Courtesy Mitchell Family Collection

If Al Green was the sanctified sex symbol of Memphis Soul, Willie Mitchell was its Hollywood matinee idol.

Suave and dapper, impeccably attired and sporting a stiletto‑sharp pencil‑thin moustache, Mitchell was the courtly King of Sophisticated Funk, cutting a striking figure in the Mid‑South music scene from the 1950s until his death in 2010. Most famous for producing Green’s stunning string of sweet‑and‑funky soul classics, Mitchell had already had several successful musical careers and was a star of the Memphis scene long before their paths met.

Willie Mitchell March 1, 1928 Ashland, Mississippi
January 5, 2010 (aged 81) Memphis, Tennessee
Papa Willie
Hi Records, Waylo Records

Born in Ashland, Mississippi, Mitchell was a toddler when his family moved to Memphis. By 8, he’d started playing trumpet, and by his teens was a featured player in local bands led by such local luminaries as Al Jackson Sr. and Tuff Green.

Plantation Inn

A stint in the army slowed him down, but soon after his 1954 discharge Mitchell was leading his group at the Manhattan Club and other area spots. He later took over the house band at the Plantation Inn in West Memphis, one of the area’s top nightclubs and a place where young, white Memphis developed a taste for genuine R&B, paving the way for the music revolutions to come. There, Mitchell honed his leadership skills as well as learning the finer points of showmanship, arranging, management, and more. He was also playing band gigs on Beale, sweetening his sound at cotillions for the old cotton-money crowd and writing lead sheets and arrangements for Sun and other Memphis studios. He knew every musician in town, from the commercial bands to the jazz combos in which he played with fellow young lions like Phineas Newborn Jr., Booker Little and Charles Lloyd. Observing his crowds from the bandstand every night, he knew what people wanted to hear and exactly what made them dance.

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Those qualifications made Mitchell an ideal session leader for Joe Cuoghi’s fledgling Hi Records. Hi got its start as a rockabilly label in 1957, caught up in the irresistible gravitational pull of Elvis. By the early ‘60s, instrumental records were the big thing, fueling teenagers’ Twist parties, and filling jukeboxes in restaurants and taverns. Cuoghi, who supplied many of those Midsouth jukeboxes and whose Poplar Tunes record stores were also “one-stop” wholesalers serving the region’s mom-and-pop record dealers, knew there was money in those quickly - and cheaply - produced records. He hit paydirt with the Bill Black Combo’s string of hits and, starting in 1962 with “Sunrise Serenade,” the Mitchell band became another Hi franchise.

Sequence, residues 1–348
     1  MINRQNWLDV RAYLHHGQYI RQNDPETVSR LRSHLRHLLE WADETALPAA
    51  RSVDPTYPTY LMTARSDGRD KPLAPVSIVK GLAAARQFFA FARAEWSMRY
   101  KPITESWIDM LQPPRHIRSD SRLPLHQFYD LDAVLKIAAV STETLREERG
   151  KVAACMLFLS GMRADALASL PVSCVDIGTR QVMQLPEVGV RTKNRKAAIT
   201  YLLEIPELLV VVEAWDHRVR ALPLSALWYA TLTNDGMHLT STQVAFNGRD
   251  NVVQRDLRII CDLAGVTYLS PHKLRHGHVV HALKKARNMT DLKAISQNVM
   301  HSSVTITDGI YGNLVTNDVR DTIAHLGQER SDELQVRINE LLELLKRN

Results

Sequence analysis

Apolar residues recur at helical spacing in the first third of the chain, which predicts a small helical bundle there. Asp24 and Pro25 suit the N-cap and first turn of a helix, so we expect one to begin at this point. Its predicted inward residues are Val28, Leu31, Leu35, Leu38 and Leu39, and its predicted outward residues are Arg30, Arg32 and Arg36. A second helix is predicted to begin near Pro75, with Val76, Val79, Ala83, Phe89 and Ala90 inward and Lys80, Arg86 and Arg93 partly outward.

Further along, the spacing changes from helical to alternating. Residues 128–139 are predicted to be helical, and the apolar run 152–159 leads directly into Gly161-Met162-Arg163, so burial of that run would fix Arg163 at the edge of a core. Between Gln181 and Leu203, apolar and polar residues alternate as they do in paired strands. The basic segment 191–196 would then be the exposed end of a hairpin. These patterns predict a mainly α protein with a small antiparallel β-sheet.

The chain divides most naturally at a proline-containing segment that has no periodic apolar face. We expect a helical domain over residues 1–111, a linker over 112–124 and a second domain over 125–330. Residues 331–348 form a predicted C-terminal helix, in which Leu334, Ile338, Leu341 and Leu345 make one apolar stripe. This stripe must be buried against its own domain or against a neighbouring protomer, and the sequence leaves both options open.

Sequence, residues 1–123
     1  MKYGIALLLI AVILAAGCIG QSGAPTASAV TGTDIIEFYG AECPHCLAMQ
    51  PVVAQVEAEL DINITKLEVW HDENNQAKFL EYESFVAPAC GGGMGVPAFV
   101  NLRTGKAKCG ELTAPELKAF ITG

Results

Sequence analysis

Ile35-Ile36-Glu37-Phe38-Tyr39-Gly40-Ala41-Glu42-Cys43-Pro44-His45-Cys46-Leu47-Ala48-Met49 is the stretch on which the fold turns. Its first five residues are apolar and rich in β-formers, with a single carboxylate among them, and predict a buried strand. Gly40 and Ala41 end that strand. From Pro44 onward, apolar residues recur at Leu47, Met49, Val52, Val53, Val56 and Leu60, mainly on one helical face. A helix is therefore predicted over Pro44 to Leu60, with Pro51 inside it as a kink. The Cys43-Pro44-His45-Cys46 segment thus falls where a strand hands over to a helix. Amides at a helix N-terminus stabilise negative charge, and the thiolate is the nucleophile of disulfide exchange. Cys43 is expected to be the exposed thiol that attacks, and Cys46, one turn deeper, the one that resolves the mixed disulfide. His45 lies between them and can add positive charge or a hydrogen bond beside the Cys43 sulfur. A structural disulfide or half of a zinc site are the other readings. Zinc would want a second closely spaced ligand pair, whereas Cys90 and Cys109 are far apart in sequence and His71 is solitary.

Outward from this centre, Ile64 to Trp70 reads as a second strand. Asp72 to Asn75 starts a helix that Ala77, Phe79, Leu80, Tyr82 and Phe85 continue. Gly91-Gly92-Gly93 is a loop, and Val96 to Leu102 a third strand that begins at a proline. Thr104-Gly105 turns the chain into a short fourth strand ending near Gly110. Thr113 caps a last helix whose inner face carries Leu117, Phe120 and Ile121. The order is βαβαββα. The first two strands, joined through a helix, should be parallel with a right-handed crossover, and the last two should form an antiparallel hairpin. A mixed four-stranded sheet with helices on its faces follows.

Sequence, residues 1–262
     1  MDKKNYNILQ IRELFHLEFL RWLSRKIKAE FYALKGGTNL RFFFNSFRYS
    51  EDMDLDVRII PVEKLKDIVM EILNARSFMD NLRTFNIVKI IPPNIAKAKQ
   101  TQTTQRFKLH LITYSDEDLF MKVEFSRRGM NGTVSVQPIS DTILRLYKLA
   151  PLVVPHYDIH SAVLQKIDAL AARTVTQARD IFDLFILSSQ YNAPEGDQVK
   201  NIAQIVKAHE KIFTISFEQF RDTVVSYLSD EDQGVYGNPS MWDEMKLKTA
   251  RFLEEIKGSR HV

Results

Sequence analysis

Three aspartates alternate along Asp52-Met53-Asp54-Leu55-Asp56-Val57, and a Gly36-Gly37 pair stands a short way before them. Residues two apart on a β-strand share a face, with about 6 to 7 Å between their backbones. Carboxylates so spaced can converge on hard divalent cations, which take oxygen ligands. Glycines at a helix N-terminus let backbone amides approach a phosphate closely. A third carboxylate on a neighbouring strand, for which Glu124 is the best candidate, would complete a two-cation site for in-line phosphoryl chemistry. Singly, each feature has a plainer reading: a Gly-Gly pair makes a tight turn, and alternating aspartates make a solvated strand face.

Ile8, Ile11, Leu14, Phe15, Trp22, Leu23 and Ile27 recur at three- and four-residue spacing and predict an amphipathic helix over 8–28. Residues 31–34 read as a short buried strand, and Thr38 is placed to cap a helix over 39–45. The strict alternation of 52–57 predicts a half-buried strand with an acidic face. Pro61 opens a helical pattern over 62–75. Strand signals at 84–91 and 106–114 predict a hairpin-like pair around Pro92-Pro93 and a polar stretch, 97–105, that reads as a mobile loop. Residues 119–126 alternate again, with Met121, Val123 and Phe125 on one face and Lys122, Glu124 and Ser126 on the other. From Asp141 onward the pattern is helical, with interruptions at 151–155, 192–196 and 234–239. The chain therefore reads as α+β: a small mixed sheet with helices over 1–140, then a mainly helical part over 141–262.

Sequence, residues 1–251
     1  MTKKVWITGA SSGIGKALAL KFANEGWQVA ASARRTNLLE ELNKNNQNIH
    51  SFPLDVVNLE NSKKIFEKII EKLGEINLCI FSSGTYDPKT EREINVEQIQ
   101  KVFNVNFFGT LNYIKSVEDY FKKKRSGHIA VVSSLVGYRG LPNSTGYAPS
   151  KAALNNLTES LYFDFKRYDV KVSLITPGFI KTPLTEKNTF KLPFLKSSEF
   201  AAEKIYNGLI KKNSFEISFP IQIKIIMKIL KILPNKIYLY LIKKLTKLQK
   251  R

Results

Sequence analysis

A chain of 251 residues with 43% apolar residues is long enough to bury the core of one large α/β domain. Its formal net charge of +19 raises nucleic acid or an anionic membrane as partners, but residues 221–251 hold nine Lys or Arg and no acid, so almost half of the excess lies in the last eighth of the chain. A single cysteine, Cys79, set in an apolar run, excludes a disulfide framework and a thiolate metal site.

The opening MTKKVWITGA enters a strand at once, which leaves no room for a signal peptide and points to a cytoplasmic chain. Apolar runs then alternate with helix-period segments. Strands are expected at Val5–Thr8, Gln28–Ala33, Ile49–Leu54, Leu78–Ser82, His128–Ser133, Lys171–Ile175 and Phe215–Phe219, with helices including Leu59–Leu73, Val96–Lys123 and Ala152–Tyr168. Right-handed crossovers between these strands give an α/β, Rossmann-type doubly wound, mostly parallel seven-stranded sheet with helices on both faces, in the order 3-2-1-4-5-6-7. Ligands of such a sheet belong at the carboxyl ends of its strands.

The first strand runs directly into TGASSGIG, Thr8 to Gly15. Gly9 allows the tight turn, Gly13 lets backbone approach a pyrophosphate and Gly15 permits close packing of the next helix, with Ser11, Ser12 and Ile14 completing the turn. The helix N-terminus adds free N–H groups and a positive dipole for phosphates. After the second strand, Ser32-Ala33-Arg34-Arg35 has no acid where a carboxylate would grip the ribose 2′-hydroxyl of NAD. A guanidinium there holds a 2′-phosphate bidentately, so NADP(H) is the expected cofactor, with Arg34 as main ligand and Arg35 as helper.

No wonder the rumor began that Hi stood for “Hit Instrumentals.”

For much of the ‘60s, Mitchell kept a hectic schedule as a bandleader in clubs and as a session leader/musician/arranger at Hi. He reached No. 31 on the national pop charts in 1964, the year the Beatles hit America, with “20-75.” In 1968, Willie Mitchell’s multiple musical personalities - arranger, bandleader and engineer - were in perfect harmony for the crossover hit “Soul Serenade” (#10 R&B, #23 pop).

Courtesy Mitchell Family Collection

That put the Willie Mitchell Band on the road playing one-nighters. At a club in Midland, Texas, the opening act was a young man named Albert Greene. Born in Forrest City, Ark., he’d left his family gospel group The Greene Brothers and had a minor solo regional hit with “Back Up Train.” But sounding like just another Otis Redding wannabe with a little Sam Cooke thrown in, his career stalled. Mitchell saw past that, and immediately called Cuoghi in Memphis and invited the singer to drive back with them.

Signed to Hi and given a minor name change, Al Green teamed with Willie Mitchell in one of the great partnerships of American music. At the end of a session, Green talked Mitchell into letting him record one of his own songs, which became his first major hit, “Tired of Being Alone.”